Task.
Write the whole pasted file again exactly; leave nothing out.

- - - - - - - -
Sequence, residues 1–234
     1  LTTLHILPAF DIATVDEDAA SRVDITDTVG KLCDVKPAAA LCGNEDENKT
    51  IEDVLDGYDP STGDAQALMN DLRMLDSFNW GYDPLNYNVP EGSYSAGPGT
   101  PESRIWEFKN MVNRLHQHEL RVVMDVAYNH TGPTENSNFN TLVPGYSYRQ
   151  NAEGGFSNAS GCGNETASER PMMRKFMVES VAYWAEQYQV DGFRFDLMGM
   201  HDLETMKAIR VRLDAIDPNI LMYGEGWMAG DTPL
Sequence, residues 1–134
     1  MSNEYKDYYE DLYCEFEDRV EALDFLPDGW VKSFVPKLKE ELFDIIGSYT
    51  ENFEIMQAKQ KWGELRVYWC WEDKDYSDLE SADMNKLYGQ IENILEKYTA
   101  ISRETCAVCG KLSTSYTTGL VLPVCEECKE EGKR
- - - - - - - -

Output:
Sequence, residues 1–234
     1  LTTLHILPAF DIATVDEDAA SRVDITDTVG KLCDVKPAAA LCGNEDENKT
    51  IEDVLDGYDP STGDAQALMN DLRMLDSFNW GYDPLNYNVP EGSYSAGPGT
   101  PESRIWEFKN MVNRLHQHEL RVVMDVAYNH TGPTENSNFN TLVPGYSYRQ
   151  NAEGGFSNAS GCGNETASER PMMRKFMVES VAYWAEQYQV DGFRFDLMGM
   201  HDLETMKAIR VRLDAIDPNI LMYGEGWMAG DTPL
Sequence, residues 1–134
     1  MSNEYKDYYE DLYCEFEDRV EALDFLPDGW VKSFVPKLKE ELFDIIGSYT
    51  ENFEIMQAKQ KWGELRVYWC WEDKDYSDLE SADMNKLYGQ IENILEKYTA
   101  ISRETCAVCG KLSTSYTTGL VLPVCEECKE EGKR